Republican U.S. presidential candidate and former Governor Jeb Bush (R) speaks about businessman Donald Trump (L) as Senator Ted Cruz (C) looks on during the Republican presidential debate in Las Vegas, Nevada December 15, 2015. REUTERS/Mike Blake

To CNN’s credit, the first debate after the San Bernardino terrorist attack stuck almost entirely to national security. The debate was remarkably substantive, as Sen. Ted Cruz (R-Tex.) tried to defend “carpet bombing” while Sen. Marco Rubio (R-Fla.) attacked Cruz’s votes on the National Security Agency and defense funding. Candidates debated Syria policy and repeatedly skewered the Obama-Clinton foreign policy. Most noteworthy, Donald Trunp promised he would not make a third party run.

Jeb Bush, perhaps late in the game, was the most effective and forceful he has been, reeling off his policy to defeat the Islamic State and castigating Donald Trump for saying he’d go after terrorists’ wives and children. He chided Trump for getting his information from television morning shows. (“Saturday or Sunday,” he wisecracked.) He twice declared Trump was not going to “insult his way to the presidency.” It’s not clear what, if anything, he can do to turn around his poll numbers, but he showed himself to be a mature and informed candidate. Alas, he stumbled on his closing statement, again revealing his challenges as a candidate.

Sen. Rand Paul (R-Ky.) also perked up, mocking Trump’s plan to close the internet and violate international law by targeting innocents. His own isolationism lost the support of the crowd, and shockingly for a libertarian adopted an uber-tough anti-immigration stance.

New Jersey Gov. Chris Christie played the role of experienced adult, reminding voters that those criticizing people on the stage who decried the defense budget cuts but went along with defense sequester. Again and again he turned the discussion to the contrast between a governor/U.S. attorney and lawmakers. (“The fact is, for seven years I had to make these decisions after 9/11. Make a decision about how to precede proceed forward with an investigation or how to pull back, whether use [to] certain actionable intelligence or whether not to and yet they continue to debate about this bill in the sub-committee.”) He was serious and emphatic on setting up a no-fly zone in Syria, promising, if need be, to shoot down Russian planes.

Asked about a moral obligation to take in refugees,  Christie responded with a firm assertion that his job is to keep Americans safe, defending his plan to pause refugee entry until the FBI director says they can be vetted. In repeatedly bringing the argument back to President Obama and Clinton, he seemed to be auditioning for the general election debate. (“What reckless is, is calling Assad a reformer. What reckless is, is allowing Russia to come into Crimea and Ukraine. What reckless is, is inviting Russia into Syria to team with Iran,” he said when Rand Paul called him “reckless” in enforcing a non fly zone.) On China, Christie was likewise strong, accusing Obama and Clinton of refusing to respond to China’s cyber-attack.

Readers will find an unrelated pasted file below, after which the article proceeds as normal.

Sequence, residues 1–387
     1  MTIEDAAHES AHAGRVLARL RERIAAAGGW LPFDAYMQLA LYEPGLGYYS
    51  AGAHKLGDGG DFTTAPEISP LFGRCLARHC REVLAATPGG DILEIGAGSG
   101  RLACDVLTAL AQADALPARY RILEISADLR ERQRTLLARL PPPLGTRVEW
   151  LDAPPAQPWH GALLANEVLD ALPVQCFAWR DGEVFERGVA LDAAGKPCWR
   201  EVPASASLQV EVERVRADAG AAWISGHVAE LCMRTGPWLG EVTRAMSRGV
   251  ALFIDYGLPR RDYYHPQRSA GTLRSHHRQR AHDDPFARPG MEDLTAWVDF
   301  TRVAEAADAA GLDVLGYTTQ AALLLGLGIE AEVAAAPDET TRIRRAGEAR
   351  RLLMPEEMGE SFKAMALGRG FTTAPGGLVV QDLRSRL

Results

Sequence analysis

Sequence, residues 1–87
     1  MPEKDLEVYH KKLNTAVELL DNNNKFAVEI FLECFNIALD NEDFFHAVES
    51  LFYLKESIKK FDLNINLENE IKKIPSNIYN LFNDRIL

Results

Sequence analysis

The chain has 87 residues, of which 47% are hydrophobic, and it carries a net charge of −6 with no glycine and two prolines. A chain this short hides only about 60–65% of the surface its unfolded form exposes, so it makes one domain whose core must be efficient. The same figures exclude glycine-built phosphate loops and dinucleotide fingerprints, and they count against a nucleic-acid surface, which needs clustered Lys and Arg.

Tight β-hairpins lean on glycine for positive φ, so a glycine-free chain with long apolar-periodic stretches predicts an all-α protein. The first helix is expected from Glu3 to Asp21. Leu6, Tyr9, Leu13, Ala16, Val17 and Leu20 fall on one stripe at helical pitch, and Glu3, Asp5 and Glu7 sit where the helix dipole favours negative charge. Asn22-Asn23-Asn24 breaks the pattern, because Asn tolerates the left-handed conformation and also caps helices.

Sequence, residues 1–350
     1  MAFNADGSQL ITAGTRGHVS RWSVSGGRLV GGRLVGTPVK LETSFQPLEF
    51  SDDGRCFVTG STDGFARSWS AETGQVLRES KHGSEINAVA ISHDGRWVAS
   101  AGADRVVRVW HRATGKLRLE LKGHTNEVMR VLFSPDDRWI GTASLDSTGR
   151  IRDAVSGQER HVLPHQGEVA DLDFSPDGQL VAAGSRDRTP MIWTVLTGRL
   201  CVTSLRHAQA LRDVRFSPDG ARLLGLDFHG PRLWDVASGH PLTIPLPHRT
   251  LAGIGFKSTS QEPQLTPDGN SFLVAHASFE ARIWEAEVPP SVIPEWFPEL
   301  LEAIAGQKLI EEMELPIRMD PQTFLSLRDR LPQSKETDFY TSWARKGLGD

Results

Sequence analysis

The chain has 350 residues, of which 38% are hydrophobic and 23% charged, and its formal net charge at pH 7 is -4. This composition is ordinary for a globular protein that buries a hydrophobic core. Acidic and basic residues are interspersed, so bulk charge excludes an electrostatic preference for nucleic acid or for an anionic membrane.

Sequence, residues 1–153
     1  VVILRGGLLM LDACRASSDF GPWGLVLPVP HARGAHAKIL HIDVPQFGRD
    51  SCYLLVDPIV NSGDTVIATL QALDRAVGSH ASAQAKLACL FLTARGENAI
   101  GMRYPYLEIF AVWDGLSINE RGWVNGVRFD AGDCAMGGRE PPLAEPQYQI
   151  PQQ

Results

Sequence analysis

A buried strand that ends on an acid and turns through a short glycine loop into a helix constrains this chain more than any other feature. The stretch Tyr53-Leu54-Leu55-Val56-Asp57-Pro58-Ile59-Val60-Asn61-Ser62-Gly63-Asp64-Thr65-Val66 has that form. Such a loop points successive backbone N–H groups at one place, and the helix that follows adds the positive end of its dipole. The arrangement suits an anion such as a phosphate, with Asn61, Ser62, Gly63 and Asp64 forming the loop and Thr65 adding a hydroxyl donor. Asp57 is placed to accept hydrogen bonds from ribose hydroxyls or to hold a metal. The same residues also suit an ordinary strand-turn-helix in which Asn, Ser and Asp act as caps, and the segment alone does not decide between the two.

Cruz tried his best to avoiding confronting Trump on any policy differences, part of his strategy to ingratiate himself with Trump’s followers. But in trying to have it all ways — supporting the USA Freedom Act that hampers the NSA (and falsely claiming the law improved our data-collection capabilities) and also supporting “carpet bombing” cities — he did little to satisfy the uproar from hawkish conservatives who have hammered him this week for incoherence on national security. He seems to think simply declaring he’ll destroy the Islamic State is sufficient. In that regard he is not unlike Hillary Clinton — brimming with empty rhetoric in search of a policy. In a glaring error, Cruz called for an “America first” foreign policy, a throw back to 1930s isolationism. For the first time in the debates he seemed to be on defense and straining to rewrite recent events. If the election comes down to national security he will need to study up and find an internally consistent approach to fighting the Islamic State.

Rubio was on his game and consistently corrected Cruz (e.g. for falsely claiming we toppled Gaddafi, for incorrectly claiming Cruz voted to improve the NSA metadata gathering program.) He demonstrates his fluency of national security in this debate to an extent few other candidates can match. He managed to let Cruz’s voters know Cruz supports vast expansion of H1-B visas and legalization (by an amendment to change the Gang of 8). Rubio repeatedly asked if Cruz would rule out legalization; Cruz demurred because he is not willing to round up illegals as Trump does. (“I don’t intend to favor legalization,” he said in unmistakable weasel words.) Cruz did not bother to deny he favored a large increase in high-skilled visas. If Rubio was trying to sow doubts about Cruz’s fidelity to the anti-immigrant agenda he succeeded. It was Cruz’s worst exchange in a debate so far.

Trump engaged in a mish-mash of misinformation and bizarre assertions (e.g. claiming Russia is fighting the Islamic State, “shutting” down the internet), without bothering to lay out a reasoned policy. Asked about the nuclear triad, Trump seemed confused, and began to ramble. Instead he simply asserted he is “strong,” which seems to suffice for his fans (a group in which less educated voters predominate). He is not giving any reassurance to the rest of the GOP that he could carry out the duties. He did, however, say he would not run as a third party candidate.

Winners: Jeb Bush, Chris Christie, Marco Rubio, CNN (for tough, substantive questions on foreign policy)

Losers: Trump, Cruz, Dr. Ben Carson (who seemed barely there)